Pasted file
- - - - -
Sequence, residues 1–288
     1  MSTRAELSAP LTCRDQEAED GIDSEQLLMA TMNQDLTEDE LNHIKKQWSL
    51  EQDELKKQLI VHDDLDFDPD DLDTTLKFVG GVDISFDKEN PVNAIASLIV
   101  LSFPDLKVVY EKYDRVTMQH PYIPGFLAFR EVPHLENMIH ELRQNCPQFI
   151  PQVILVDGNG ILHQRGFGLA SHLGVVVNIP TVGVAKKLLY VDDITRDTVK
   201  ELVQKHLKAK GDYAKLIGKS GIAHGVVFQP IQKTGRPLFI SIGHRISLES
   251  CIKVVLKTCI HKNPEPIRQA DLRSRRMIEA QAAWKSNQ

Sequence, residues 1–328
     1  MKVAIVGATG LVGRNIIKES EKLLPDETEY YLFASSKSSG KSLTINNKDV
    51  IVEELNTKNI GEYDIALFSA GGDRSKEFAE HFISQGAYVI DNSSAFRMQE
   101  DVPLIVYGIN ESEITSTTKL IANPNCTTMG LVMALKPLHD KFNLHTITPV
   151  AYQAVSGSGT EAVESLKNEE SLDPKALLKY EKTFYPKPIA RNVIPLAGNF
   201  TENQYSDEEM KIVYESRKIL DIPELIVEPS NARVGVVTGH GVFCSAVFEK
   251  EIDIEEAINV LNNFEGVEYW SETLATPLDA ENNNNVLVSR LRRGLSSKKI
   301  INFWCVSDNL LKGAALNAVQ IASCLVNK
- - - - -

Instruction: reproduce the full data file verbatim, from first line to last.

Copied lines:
Sequence, residues 1–288
     1  MSTRAELSAP LTCRDQEAED GIDSEQLLMA TMNQDLTEDE LNHIKKQWSL
    51  EQDELKKQLI VHDDLDFDPD DLDTTLKFVG GVDISFDKEN PVNAIASLIV
   101  LSFPDLKVVY EKYDRVTMQH PYIPGFLAFR EVPHLENMIH ELRQNCPQFI
   151  PQVILVDGNG ILHQRGFGLA SHLGVVVNIP TVGVAKKLLY VDDITRDTVK
   201  ELVQKHLKAK GDYAKLIGKS GIAHGVVFQP IQKTGRPLFI SIGHRISLES
   251  CIKVVLKTCI HKNPEPIRQA DLRSRRMIEA QAAWKSNQ

Sequence, residues 1–328
     1  MKVAIVGATG LVGRNIIKES EKLLPDETEY YLFASSKSSG KSLTINNKDV
    51  IVEELNTKNI GEYDIALFSA GGDRSKEFAE HFISQGAYVI DNSSAFRMQE
   101  DVPLIVYGIN ESEITSTTKL IANPNCTTMG LVMALKPLHD KFNLHTITPV
   151  AYQAVSGSGT EAVESLKNEE SLDPKALLKY EKTFYPKPIA RNVIPLAGNF
   201  TENQYSDEEM KIVYESRKIL DIPELIVEPS NARVGVVTGH GVFCSAVFEK
   251  EIDIEEAINV LNNFEGVEYW SETLATPLDA ENNNNVLVSR LRRGLSSKKI
   301  INFWCVSDNL LKGAALNAVQ IASCLVNK